# Search results for query: *

• Users: Frodo
• In Optics
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1. ### What is the relationship between refraction and giant waves in Nazaré?

Normal sea waves close to the shore behave exactly like tsunami waves. Both a 'wind driven wave approaching the beach' and a 'tsunami wave during its entire journey' are shallow water waves meaning their wave length is longer than the water depth and their speed is proportional to the depth...
2. ### What is the relationship between refraction and giant waves in Nazaré?

The way in which the Nazerre wave is created is explained in https://www.surfertoday.com/surfing/the-mechanics-of-the-nazare-canyon-wave where the critical importance of the underwater canyon is discussed, as is how the sea floor profile causes the wave to refract. Other factors also contribute...
3. ### What causes this curious light phenomenon? (video inside)

It is almost certainly because the fan casing is rotating about a vertical axis causing the wires on the front to interact differently with the wires at the back depending on the angle. The back wires sometimes align side-by-side with the front wires, blocking 'two wire widths of light' and...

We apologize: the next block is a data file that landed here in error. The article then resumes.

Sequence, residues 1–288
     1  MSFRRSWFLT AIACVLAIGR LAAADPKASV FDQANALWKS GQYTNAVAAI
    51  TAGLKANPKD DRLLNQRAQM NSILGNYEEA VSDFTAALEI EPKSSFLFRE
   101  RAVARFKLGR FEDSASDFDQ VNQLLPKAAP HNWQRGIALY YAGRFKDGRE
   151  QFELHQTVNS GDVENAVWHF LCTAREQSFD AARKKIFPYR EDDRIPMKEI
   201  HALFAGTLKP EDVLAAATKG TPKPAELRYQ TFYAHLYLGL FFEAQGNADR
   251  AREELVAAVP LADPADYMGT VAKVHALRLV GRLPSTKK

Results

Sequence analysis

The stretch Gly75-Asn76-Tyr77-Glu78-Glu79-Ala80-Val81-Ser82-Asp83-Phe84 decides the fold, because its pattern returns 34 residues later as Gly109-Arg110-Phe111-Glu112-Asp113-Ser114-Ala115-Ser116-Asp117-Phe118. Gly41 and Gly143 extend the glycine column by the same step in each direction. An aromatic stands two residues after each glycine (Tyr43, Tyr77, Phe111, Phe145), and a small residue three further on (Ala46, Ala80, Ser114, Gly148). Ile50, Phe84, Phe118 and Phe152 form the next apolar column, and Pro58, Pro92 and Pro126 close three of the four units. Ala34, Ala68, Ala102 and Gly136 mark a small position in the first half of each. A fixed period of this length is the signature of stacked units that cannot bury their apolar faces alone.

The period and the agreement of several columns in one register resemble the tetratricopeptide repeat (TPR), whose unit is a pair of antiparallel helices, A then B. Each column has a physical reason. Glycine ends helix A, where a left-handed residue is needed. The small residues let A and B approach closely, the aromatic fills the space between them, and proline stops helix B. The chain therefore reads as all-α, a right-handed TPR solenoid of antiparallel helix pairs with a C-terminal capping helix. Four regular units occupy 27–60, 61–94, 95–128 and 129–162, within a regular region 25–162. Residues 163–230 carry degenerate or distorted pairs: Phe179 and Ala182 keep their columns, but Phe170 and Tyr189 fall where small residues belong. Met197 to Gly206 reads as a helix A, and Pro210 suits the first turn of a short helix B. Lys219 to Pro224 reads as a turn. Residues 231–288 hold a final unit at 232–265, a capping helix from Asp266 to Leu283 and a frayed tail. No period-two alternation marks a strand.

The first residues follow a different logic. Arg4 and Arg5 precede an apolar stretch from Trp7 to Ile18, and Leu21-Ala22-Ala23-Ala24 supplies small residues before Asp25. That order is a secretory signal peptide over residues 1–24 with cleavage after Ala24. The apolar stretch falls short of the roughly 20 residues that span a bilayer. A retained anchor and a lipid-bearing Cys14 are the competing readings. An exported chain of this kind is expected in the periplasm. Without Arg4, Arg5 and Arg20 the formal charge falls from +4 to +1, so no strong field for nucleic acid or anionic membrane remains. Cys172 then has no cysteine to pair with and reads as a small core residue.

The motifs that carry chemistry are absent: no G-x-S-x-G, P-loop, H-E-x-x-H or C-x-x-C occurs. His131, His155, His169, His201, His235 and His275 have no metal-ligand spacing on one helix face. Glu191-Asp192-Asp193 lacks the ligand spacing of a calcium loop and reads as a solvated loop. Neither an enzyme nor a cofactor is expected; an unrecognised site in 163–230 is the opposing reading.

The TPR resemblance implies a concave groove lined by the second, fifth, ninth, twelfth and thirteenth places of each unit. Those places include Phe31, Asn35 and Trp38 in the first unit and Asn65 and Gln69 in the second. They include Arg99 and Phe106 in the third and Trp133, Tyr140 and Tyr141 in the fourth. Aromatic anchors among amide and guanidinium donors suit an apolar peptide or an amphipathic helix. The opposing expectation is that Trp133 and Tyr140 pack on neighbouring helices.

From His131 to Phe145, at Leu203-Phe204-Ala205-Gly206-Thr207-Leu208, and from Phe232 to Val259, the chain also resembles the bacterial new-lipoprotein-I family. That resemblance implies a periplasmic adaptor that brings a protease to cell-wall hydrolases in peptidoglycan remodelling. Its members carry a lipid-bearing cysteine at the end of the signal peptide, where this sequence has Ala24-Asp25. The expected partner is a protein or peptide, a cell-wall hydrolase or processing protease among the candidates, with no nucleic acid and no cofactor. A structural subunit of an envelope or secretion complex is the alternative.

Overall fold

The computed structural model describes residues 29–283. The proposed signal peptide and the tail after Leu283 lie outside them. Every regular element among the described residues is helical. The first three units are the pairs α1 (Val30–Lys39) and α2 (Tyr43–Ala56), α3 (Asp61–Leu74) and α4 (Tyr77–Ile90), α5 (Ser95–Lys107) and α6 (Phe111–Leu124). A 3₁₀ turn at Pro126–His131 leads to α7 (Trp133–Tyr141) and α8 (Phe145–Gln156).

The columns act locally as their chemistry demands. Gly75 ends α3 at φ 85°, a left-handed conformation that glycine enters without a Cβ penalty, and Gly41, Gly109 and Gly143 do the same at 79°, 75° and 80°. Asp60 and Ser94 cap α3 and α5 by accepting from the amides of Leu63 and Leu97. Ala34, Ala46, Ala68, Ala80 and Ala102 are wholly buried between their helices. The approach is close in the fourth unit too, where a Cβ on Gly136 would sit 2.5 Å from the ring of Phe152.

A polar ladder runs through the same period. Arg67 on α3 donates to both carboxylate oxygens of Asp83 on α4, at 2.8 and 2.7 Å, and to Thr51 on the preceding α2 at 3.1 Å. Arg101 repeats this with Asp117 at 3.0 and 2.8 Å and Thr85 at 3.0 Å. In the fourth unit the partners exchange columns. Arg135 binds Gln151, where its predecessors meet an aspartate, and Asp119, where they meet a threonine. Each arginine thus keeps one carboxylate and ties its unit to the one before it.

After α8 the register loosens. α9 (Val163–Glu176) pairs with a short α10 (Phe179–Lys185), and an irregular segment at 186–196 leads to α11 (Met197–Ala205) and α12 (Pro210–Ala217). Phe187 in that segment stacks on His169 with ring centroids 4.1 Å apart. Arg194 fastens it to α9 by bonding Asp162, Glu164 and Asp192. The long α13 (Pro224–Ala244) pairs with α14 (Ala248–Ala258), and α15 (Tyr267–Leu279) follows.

4. ### What causes this curious light phenomenon? (video inside)

You see the same Moiré fringe effect when driving and you approach a bridge with handrails held by vertical rods (say, 1 inch in diameter, 6 inches apart) crossing the road. The near side rods and the far side rods "bunch together" and you see horizontally moving bands of brightness and darkness.
5. ### Negative concave lens

Off topic, but you can distort a lens in a process known as lens bending where the lens keeps essentially the same characteristics.
6. ### Negative concave lens

Thank you for the clarification though I think you are off topic. The original post said "double convex" and "double concave" and asked "What exactly is a negative concave lens?" I was answering this limited case - what is a negative double concave lens? My answer is then correct. The...
7. ### Negative concave lens

The statement is a bit confusing as negative and concave effectively mean the same thing. A concave lens has a negative focal length so calling it a "negative concave" lens is somewhat tautological. A convex lens has a positive focal length. When you use the formula 1/u + 1/v = 1/f, f will be...